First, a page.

NEW DELHI - Indian investigators said Monday they would not charge five men detained earlier this year on suspicion of raping and murdering two teenage girls in a case that sparked global outrage.
The cousins, aged 14 and 15, were found hanging from a tree in an impoverished village in northern Uttar Pradesh state in May.
The Central Bureau of Investigation (CBI), India's top investigative agency, said it would not "as yet" file charges against the men, citing a lack of evidence, but did not rule out future charges.
The men are expected to be released on Friday after 90 days in detention, the maximum time that a person can be held without being charged in India.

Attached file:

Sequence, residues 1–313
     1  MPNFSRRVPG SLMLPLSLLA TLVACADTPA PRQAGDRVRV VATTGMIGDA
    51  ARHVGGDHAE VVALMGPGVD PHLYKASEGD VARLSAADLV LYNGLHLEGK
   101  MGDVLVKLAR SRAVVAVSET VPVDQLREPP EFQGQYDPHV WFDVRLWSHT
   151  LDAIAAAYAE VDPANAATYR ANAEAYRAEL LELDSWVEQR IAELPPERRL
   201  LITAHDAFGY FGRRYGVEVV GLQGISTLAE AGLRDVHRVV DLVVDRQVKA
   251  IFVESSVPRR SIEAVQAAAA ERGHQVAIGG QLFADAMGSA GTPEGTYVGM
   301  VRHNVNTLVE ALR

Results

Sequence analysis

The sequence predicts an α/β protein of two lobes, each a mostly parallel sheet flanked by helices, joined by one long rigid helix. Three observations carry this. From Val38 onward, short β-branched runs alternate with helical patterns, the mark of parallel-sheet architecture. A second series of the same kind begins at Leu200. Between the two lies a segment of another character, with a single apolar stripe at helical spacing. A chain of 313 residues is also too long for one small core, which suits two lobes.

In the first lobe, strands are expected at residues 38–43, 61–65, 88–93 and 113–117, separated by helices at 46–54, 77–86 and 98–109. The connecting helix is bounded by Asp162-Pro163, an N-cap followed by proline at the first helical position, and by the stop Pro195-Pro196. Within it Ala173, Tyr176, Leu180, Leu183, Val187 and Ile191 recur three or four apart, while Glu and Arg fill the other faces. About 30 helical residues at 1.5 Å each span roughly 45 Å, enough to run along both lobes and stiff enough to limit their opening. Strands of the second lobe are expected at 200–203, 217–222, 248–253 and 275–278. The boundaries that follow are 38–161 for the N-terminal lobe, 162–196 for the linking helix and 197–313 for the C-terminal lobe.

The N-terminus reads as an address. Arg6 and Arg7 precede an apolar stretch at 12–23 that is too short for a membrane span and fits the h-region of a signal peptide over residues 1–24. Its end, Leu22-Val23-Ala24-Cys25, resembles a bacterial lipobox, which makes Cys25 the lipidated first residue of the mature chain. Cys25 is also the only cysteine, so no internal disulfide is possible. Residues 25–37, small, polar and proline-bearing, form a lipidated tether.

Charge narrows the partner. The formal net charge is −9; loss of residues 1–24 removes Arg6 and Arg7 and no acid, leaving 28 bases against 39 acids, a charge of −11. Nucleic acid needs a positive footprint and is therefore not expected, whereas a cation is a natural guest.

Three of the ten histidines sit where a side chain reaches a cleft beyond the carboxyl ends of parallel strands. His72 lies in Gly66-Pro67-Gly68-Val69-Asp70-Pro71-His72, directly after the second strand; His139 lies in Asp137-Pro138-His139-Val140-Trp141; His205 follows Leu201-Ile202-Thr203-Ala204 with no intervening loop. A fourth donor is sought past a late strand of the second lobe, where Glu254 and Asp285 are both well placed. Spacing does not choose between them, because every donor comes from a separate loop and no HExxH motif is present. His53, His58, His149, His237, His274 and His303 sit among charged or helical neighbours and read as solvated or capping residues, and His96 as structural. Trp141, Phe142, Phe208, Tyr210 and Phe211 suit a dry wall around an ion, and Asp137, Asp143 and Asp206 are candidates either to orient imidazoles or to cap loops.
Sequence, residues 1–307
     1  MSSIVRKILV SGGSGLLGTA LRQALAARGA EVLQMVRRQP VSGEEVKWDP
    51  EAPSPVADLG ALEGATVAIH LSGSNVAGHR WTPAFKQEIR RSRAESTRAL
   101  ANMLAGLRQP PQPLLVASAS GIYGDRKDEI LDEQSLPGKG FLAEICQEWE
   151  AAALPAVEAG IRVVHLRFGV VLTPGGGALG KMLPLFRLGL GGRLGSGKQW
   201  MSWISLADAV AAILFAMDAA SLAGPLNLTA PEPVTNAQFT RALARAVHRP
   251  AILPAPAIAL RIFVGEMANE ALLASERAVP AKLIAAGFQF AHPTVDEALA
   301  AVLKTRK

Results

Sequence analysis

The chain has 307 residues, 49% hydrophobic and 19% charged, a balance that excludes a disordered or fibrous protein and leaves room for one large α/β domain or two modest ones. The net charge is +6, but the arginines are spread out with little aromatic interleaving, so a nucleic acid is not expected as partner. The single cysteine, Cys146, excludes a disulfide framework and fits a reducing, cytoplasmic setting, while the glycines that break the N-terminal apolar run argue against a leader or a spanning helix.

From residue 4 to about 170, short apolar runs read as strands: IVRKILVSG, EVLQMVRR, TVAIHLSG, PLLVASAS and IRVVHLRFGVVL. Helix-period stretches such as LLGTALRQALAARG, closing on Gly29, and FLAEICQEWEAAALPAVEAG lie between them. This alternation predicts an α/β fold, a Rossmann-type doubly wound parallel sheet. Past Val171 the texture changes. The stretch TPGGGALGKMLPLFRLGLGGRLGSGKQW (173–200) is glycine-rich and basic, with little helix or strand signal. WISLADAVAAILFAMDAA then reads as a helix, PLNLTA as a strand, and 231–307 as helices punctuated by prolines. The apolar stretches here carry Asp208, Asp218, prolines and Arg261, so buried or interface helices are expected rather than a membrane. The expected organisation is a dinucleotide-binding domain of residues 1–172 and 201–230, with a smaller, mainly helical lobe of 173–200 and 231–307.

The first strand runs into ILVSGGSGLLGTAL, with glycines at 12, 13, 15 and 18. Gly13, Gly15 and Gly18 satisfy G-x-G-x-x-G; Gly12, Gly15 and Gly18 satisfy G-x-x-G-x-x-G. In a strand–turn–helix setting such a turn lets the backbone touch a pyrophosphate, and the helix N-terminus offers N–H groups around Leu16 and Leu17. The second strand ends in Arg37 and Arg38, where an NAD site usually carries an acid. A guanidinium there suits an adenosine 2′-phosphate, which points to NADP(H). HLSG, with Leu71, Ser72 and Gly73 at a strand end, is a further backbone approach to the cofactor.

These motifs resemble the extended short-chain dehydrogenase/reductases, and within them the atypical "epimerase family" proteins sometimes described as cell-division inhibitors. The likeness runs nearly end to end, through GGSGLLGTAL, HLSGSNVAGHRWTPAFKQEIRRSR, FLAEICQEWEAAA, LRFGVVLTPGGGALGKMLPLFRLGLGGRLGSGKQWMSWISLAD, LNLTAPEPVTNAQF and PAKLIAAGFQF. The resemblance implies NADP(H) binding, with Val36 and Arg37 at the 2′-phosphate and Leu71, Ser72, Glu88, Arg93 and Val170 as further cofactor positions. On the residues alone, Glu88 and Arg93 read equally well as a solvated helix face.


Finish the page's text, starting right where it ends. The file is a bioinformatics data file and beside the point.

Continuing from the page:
"Based on our investigations so far, we are not going to file the charge-sheet at this stage. However, no one has been given a clean chit as yet," CBI spokeswoman Kanchan Prasad told AFP.
The girls were reported at the time to have been gang-raped and murdered after going into the fields to relieve themselves because their homes, like most in their village in Badaun district, lacked toilets.
The attack sparked public outrage after the family complained of police apathy towards them because they came from a lower caste.
Media reports say the CBI's decision was based on forensic tests that had ruled out sexual assault in the case.
India brought in tougher rape laws last year for crimes against women after the fatal gang-rape of a physiotherapy student on a bus in New Delhi in December 2012.